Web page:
>>> expensive. Cheap $10 shop flourescents which aren't
>>> good for anything else have a big green spike which is
>>> usefull for lighting the greenscreen backdrop, etc.
>>>
>>>> This is my first digital camera. After I learn the more
>>>> about digital video, I plan on getting a 3CCD camera
>>>> in the future.
>>>
>>> Photography and lighting have almost nothing to do with
>>> whether it is film or electonic, still, or moving pictures,
>>> analog or digital, 1-chip or 3-chip, etc. etc. etc.
>>>
>>>> How about snap shots for my Canon Rebel XT? Is the
>>>> flash on that good enough for professional shots?
>>>
>>> Perhaps it is a clue that professionals don't use them.
>>>
>>>> I suppose I can always correct the lighting in Adobe
>>>> Photoshop.
>>>
>>> Don't count on it.
>>
>> Count on it. Plenty of pros use cheap stuff. When do you become a pro
>> anyway? When you make your first buck or you buy your pro camera?
>> Which came first the Professional Photographer or the Professional
>> Grade Camera? Especially these days. I guess all those highschool
>> sporting events in this hick town don't know they have been paying an
>> amateur all these years.
>
> You use Photoshop to correct improper lighting for your
> highschool sporting events? Tell us more!

Hey, your the pro.
September 10, 2005 9:09:05 AM

Archived from groups: rec.video.desktop (More info?)

Richard Crowley wrote:
> "Jimmy" wrote ...
>> Richard Crowley wrote:
>>> "song writer" wrote ...
>
>>>> I suppose I can always correct the lighting in Adobe
>>>> Photoshop.
>>>
>>> Don't count on it.
>>
>> Count on it. Plenty of pros use cheap stuff. When do you become a pro
>> anyway? When you make your first buck or you buy your pro camera?
>> Which came first the Professional Photographer or the Professional
>> Grade Camera? Especially these days. I guess all those highschool
>> sporting events in this hick town don't know they have been paying an
>> amateur all these years.
>
> You use Photoshop to correct improper lighting for your
> highschool sporting events? Tell us more!

I thought you pros knew everything.
Anonymous
September 10, 2005 11:11:50 AM

Archived from groups: rec.video.desktop (More info?)

"Jimmy" wrote ...
> I thought you pros knew everything.

You appear the one claiming to be a pro.
I've never made that claim since I am not one.

You seem to have generalized your response to say that sure,
you can use cheap stuff and be a pro, and I completely agree
with you.

Most of my video equipment was bought on eBay and I bought
service manuals and refurbished them myself. Note that when I
suggested it takes more than one light to do greenscreen shots,
I offered the option of using cheap fluourescent shop-lights to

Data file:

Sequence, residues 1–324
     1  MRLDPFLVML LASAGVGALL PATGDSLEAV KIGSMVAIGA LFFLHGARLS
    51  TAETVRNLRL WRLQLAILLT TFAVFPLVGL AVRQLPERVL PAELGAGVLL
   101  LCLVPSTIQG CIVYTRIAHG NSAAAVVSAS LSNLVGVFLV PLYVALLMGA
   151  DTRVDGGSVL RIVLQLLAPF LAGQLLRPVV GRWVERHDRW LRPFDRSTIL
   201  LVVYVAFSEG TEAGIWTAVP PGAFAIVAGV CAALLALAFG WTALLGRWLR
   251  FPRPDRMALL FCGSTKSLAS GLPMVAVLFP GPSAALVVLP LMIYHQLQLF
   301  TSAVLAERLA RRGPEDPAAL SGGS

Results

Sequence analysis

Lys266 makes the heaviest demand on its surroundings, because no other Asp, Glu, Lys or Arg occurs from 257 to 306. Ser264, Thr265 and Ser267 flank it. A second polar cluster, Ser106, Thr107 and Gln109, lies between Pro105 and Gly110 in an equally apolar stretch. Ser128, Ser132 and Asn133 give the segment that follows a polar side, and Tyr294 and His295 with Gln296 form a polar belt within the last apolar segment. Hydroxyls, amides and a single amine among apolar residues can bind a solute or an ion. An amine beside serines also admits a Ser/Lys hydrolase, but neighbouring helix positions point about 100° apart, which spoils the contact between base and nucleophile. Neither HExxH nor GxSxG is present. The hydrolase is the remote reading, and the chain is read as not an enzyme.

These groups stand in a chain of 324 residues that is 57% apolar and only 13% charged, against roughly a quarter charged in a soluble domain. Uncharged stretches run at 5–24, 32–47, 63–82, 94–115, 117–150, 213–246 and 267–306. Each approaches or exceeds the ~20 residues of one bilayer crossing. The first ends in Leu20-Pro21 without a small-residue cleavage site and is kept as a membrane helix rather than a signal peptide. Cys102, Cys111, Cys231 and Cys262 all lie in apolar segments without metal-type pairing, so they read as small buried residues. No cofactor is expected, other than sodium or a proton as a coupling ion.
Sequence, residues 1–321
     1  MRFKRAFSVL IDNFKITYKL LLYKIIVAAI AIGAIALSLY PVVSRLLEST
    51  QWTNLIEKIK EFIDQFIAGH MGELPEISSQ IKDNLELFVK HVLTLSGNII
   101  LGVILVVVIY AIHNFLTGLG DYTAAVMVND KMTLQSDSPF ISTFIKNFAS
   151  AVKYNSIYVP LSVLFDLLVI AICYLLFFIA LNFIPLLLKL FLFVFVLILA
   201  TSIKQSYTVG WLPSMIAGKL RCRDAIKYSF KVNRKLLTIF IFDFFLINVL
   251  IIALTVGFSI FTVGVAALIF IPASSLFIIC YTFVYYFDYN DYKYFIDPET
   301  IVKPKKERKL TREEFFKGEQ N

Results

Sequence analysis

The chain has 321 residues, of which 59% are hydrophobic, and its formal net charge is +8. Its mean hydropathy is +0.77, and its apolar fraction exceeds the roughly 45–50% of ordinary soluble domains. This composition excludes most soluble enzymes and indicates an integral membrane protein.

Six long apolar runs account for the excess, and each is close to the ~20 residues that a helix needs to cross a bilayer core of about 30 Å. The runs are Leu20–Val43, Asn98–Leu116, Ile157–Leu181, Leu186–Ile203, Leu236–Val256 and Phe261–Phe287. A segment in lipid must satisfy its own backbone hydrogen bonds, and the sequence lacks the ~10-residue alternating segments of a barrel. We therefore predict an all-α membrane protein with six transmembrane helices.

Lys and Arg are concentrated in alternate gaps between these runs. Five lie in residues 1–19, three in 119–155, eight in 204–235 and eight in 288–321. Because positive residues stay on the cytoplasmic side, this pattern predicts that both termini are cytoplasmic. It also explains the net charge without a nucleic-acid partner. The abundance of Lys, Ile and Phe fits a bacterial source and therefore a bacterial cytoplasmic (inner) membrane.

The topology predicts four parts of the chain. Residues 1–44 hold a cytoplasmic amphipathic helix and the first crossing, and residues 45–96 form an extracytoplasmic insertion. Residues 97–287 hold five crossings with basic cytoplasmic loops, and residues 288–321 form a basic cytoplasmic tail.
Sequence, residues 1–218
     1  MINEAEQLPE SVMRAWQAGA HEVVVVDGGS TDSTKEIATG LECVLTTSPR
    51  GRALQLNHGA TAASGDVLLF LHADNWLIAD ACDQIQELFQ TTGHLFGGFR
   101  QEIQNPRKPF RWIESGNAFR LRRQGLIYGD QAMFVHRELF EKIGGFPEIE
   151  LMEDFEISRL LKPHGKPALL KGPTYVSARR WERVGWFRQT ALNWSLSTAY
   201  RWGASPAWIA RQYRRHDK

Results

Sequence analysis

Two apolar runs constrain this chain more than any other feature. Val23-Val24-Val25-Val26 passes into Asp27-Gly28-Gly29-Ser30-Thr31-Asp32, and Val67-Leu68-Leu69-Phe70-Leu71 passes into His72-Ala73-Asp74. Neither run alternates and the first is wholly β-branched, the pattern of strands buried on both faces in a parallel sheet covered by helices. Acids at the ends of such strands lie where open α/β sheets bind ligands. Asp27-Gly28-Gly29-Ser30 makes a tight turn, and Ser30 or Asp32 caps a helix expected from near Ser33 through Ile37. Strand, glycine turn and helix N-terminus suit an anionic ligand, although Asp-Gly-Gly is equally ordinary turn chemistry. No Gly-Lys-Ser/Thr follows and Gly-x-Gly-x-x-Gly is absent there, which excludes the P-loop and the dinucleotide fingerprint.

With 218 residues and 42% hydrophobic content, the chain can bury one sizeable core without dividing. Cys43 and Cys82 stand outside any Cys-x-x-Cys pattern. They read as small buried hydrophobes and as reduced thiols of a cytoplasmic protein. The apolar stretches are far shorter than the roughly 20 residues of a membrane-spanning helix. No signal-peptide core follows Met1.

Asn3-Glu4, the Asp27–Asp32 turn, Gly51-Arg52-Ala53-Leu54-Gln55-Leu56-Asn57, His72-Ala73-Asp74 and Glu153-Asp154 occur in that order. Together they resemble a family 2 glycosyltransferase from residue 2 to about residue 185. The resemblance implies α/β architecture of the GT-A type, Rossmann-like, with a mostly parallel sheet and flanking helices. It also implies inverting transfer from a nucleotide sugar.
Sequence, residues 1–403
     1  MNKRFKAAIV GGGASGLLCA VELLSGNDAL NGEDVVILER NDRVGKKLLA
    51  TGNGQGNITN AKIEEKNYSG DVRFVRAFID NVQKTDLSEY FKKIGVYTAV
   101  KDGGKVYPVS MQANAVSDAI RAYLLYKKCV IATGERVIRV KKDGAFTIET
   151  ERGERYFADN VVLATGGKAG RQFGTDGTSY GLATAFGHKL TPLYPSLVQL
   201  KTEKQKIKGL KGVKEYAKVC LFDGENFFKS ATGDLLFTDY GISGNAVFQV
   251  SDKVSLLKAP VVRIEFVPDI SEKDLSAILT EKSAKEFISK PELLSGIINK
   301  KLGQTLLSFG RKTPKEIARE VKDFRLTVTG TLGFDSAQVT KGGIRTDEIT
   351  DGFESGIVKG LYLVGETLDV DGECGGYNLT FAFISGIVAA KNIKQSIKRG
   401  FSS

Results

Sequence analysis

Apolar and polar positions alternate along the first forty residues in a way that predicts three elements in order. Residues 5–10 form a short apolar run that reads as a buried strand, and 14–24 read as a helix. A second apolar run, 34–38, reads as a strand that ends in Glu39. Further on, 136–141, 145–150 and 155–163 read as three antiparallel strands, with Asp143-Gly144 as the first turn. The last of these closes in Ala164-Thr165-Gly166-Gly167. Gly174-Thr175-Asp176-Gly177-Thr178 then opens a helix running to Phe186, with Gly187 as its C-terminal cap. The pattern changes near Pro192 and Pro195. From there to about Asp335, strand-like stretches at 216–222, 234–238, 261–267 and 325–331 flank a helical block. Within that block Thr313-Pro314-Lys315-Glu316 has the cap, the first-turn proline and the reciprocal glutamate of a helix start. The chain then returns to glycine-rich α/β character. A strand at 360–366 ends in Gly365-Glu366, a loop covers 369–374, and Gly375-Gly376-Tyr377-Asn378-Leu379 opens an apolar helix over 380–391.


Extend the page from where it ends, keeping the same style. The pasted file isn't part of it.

illuminate the backdrop. In fact, I will claim that I am one of
the cheapest people here. I'm never content to buy the obvious
commercial product and/or pay full price for it.

However telling someone that they can make professional-
looking studio shots with a single on-camera light (whether
continuous or flash) is just silly. You used the example of
(presumably) fast-moving sports events and indeed I
mentioned that the one exception to the on-camera rule is
fast-moving news-style shooting. But I didn't get the
impression that is wha the OP was asking about. Perhaps
you read the question differently than I did.

Speaking of professionals, lighting, and low-budgets, one
of my favorite articles is this one by Walter Graff. Highly
recommended....
http://www.dv.com/features/features_item.jhtml?category...
(Requires free registration but well worth it. They don't
spam and it is a gold-mine of good resources.)
Anonymous
September 10, 2005 8:25:35 PM

Archived from groups: rec.video.desktop (More info?)

On Sat, 10 Sep 2005 07:11:50 -0700, "Richard Crowley" <rcrowley@xpr7t.net>
wrote:

>Speaking of professionals, lighting, and low-budgets, one
>of my favorite articles is this one by Walter Graff. Highly

Ah, good old Walter :) 

A professional is not one who carries around a Sony HDCAM and a set of
HMI's. It is someone who earns their living, solely on making movies images
(in whatever form).

cheers

-martin-
--

"Beer is life!"
Anonymous
September 11, 2005 2:47:59 AM

Archived from groups: rec.video.desktop (More info?)

Richard Crowley wrote:
> snip <
>
> Speaking of professionals, lighting, and low-budgets, one
> of my favorite articles is this one by Walter Graff. Highly
> recommended....
>
http://www.dv.com/features/features_item.jhtml?category...
> (Requires free registration but well worth it. They don't
> spam and it is a gold-mine of good resources.)


And be sure to check out Walter's excellent articles at
http://www.bluesky-web.com/new-page6.html

Mike
!